Currently accepted at: JMIR Mental Health
Date Submitted: Jul 20, 2018
Open Peer Review Period: Jul 21, 2018 - Aug 16, 2018
Date Accepted: Oct 15, 2018
(closed for review but you can still tweet)
Gamified Cognitive Bias Modification Interventions for Psychiatric Disorders: Review
Automatic biases, such as attentional biases and avoidance and interpretative biases, have been purported to be responsible for several psychiatric disorders. Gamification has been considered for cognitive bias modification, mainly to address the core issues of diminishing motivation to train over time, as bias modification intervention tasks tend to be highly repetitive. While a prior review has suggested how gamification strategies could be applied to such tasks, there remains a lack of systematic evaluation of gamified cognitive bias modification interventions in the literature.
The objective of this review is to understand the overall effectiveness of a gamified approach for cognitive bias modification and inform future research that seeks to integrate gamification technologies into existing conventional bias modification interventions.
To identify the relevant articles for our review, the following search terminologies were used: (â€œcognitive biasâ€ OR â€œattention biasâ€ OR â€œinterpret* biasâ€ OR â€œapproach biasâ€ OR â€œavoidance biasâ€) AND (â€œtrainingâ€ OR â€œmodificationâ€ OR â€œpracticeâ€ OR â€œtherapyâ€) AND (â€œgamificationâ€ OR â€œgame elementsâ€ OR â€œgameâ€ OR â€œgamingâ€ OR â€œgame mechanicsâ€). PubMed, MEDLINE, PsycINFO, and Scopus databases were searched systematically for articles published after 2000. Articles were included if they described a gamified cognitive bias modification task and included participants with underlying psychopathological symptoms. Data were systematically extracted from the identified articles, and a qualitative synthesis was performed.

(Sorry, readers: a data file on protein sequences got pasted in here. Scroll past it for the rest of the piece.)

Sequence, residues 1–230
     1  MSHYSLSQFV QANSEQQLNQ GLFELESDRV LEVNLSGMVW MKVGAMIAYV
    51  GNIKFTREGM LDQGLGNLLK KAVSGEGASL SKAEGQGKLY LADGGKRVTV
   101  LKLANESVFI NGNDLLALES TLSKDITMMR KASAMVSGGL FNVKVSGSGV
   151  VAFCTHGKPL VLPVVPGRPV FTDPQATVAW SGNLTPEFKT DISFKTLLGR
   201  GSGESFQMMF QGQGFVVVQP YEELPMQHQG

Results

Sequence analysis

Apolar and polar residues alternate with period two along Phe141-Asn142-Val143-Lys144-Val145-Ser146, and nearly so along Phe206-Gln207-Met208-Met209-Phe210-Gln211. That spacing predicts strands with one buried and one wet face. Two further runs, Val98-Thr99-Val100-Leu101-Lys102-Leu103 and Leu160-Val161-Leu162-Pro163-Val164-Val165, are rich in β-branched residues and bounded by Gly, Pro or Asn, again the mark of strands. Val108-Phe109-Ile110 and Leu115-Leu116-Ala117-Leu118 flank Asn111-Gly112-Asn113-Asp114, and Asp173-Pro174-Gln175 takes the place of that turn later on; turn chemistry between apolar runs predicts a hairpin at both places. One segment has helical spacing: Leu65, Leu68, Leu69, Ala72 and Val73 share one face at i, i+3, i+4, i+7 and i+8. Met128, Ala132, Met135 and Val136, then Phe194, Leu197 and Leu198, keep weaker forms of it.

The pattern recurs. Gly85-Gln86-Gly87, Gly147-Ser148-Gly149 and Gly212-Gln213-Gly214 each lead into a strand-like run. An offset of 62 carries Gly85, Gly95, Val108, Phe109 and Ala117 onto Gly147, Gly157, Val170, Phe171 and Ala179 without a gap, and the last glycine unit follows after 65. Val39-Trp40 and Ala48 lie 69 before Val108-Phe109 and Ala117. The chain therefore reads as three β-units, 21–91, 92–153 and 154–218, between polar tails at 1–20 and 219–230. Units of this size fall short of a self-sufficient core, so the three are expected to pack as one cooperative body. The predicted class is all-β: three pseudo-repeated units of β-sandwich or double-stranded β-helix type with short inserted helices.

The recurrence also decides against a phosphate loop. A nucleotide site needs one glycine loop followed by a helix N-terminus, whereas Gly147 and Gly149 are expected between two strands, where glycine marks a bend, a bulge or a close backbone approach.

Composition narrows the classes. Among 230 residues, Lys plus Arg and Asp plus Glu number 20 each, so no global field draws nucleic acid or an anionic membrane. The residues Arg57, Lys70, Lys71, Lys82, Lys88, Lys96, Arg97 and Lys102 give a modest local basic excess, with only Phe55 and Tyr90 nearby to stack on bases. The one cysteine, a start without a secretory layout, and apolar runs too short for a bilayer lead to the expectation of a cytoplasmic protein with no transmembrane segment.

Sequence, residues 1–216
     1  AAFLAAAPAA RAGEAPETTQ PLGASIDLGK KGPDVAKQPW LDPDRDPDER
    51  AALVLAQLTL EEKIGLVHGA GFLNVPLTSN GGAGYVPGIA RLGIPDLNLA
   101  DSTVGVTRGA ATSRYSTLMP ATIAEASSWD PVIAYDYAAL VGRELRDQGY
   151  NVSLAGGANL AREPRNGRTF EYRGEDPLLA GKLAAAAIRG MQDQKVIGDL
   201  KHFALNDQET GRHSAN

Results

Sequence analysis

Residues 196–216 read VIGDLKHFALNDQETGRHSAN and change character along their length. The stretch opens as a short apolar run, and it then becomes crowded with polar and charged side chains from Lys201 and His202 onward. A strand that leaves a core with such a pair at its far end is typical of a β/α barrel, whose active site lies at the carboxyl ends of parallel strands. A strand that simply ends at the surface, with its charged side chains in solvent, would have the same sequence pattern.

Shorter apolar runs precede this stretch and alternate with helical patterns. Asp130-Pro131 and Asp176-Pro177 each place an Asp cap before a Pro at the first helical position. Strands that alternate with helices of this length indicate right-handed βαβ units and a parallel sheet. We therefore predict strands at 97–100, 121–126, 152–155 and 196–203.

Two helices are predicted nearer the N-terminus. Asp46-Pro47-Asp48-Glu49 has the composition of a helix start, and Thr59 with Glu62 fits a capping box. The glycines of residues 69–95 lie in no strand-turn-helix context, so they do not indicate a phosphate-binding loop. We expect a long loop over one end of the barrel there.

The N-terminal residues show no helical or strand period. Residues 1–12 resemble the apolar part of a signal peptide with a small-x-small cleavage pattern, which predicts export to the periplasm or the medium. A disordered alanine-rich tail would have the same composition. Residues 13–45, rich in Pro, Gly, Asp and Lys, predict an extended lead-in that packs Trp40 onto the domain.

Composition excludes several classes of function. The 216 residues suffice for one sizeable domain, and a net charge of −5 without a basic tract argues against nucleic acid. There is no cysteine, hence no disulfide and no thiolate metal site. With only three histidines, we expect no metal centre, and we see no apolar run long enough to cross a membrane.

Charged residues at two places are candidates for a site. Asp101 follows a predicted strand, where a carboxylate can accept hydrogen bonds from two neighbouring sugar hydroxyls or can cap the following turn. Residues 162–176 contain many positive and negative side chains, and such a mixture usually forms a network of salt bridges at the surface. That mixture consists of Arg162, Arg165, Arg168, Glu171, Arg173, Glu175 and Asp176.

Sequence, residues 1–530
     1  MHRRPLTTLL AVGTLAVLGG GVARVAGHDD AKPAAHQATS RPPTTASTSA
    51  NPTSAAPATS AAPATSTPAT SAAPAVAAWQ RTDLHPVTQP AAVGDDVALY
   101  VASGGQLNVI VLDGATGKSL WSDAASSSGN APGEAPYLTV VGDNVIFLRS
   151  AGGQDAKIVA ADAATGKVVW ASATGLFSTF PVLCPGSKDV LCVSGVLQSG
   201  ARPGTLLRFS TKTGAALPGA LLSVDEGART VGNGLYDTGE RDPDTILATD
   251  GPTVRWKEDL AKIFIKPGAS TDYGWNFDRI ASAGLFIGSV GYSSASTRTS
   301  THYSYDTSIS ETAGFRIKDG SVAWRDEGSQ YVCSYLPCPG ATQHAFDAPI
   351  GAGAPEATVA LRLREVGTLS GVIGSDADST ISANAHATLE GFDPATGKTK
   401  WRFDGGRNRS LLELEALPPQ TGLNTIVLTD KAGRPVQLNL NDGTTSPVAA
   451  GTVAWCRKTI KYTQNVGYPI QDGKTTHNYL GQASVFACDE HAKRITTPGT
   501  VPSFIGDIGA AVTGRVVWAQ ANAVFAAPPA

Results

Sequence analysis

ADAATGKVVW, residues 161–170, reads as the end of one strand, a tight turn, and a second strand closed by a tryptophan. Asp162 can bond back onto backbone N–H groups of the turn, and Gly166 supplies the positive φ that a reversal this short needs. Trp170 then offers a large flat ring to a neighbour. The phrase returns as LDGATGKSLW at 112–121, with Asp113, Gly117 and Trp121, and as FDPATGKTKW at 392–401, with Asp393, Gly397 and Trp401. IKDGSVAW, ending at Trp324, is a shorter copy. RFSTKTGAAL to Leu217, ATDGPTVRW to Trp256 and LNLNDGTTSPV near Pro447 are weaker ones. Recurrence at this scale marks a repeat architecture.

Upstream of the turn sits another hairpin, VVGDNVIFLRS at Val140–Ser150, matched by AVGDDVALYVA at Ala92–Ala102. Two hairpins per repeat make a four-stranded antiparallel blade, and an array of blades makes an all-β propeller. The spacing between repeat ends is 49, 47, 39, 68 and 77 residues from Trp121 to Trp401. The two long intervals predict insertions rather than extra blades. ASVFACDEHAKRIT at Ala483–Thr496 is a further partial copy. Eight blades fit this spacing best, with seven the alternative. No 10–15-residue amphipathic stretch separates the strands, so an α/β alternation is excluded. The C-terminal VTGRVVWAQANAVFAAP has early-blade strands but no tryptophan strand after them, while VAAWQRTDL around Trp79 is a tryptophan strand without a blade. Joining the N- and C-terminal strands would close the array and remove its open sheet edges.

Four studies evaluated gamified cognitive bias modification interventions. Two studies included participants with anxiety symptoms, one with affective symptoms, and one with alcohol problems. The conventional visual probe task paradigm was used in 3 studies, and the attentional visual search task paradigm was used in the last study. We found gaming elements incorporated to include that of animations, sounds, feedback, and a point-scoring system for response time and difficulty. Of the 4 identified studies, only 2 reported their gamified interventions to be effective.
Our review is the first to systematically synthesize the evidence for gamified cognitive bias modification interventions. The results arising from our review should be considered in the future design and conceptualization of gamified cognitive bias modification interventions. International Registered Report Identifier (IRRID): RR2-10.2196/10154
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